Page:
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You are here: Home / Media / Archive / 2011 / Shell under scrutiny for Nigerian situation again

Shell under scrutiny for Nigerian situation again

THE HAGUE (NETHERLANDS), 25 January 2011 - Oil giant Shell will again be under scrutiny for the environmental and social impacts of its Nigerian operations. Tomorrow, the Dutch parliament will hold a hearing on Shell’s activities in Nigeria. Today, Milieudefensie (Friends of the Earth Netherlands) and Friends of the Earth International have with Amnesty International filed a joint complaint [1] with the Organisation for Economic Co-operation and Development (OECD) for Shell's unjust claims that almost all oil leaks in the Niger Delta are due to sabotage.

During the public hearing, that will be held tomorrow in The Hague, Shell will be questioned by Dutch members of parliament about oil pollution and gas flaring. The parliamentarians will also hear from scientists and other experts, such as Friends of the Earth Netherlands.

 

Geert Ritsema will speak on behalf of Friends of the Earth Netherlands/International. He said: “The pressure on Shell to clean up its mess in Nigeria is increasing by the day. Last year, the company was removed from the Dow Jones Sustainability Index due to pollution in the Niger Delta, and recently Wikileaks showed that Shell uses political influence in Nigeria to manipulate the situation in the country. We call on Dutch politicians to make a point of Shell’s responsibility for the problems the company causes in Nigeria.”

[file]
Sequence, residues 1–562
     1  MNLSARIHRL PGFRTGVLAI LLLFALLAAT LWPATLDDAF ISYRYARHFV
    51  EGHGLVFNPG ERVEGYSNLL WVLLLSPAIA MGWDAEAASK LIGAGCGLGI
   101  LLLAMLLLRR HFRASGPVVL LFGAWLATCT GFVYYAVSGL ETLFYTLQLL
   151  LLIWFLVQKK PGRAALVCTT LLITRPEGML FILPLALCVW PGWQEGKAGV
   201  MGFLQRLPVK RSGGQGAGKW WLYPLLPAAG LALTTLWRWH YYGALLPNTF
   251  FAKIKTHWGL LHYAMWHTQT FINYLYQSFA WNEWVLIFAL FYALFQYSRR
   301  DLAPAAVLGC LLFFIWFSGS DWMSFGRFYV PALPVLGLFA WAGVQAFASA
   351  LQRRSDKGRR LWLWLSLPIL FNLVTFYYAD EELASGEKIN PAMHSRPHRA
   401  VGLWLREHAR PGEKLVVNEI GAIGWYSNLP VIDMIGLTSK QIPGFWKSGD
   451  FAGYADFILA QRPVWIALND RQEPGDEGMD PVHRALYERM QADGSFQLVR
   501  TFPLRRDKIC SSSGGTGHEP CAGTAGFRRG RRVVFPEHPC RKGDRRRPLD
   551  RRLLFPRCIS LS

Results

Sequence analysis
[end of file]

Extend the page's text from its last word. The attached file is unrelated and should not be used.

The complaint filed with the Dutch National Contact Point to the OECD today is regarding the non-transparent, inconsistent and misleading figures that Shell has distributed on the causes of oil leaks in Nigeria. The complaint explains how Shell often unjustly claims that the leaks result from sabotage and that Shell is using random figures without any independent verification

Nnimmo Bassey, director of Friends of the Earth Nigeria (ERA) and chair of Friends of the Earth International said: "We monitor spills regularly and our observations often contradict information produced by Shell. Several studies have placed the bulk of the blame for oil spills in the Niger Delta on the doorsteps of the oil companies; particularly Shell. It should take its responsibility and clean up the mess it made in our country. Moreover Shell should stop gas flaring in the Niger Delta. That is one act they cannot blame local communities for."

Shell has been operating in the West African country of Nigeria for more than half a century and Friends of the Earth International, ERA and Milieudefensie have been protesting against the oil concern’s policy for decades. They want Shell to clean the hundreds of oil leaks it causes each year and to stop flaring gas, which has been prohibited by Nigerian law since 1984. The associated gas now simply burned off emits poisonous gasses and CO2, whereas it could be put to good use, such as to generate electricity.

 

[1] The complaint can be downloaded here: OECD submission

www.milieudefensie.nl/english/shell-in-nigeria
www.foei.org

FOR MORE INFORMATION:

Friends of the Earth Netherlands press office: +31 (0) 20-5507333, persvoorlichting@milieudefensie.nl

 

Friends of the Earth International: + 31 (0) 20-6221369, media@foei.org



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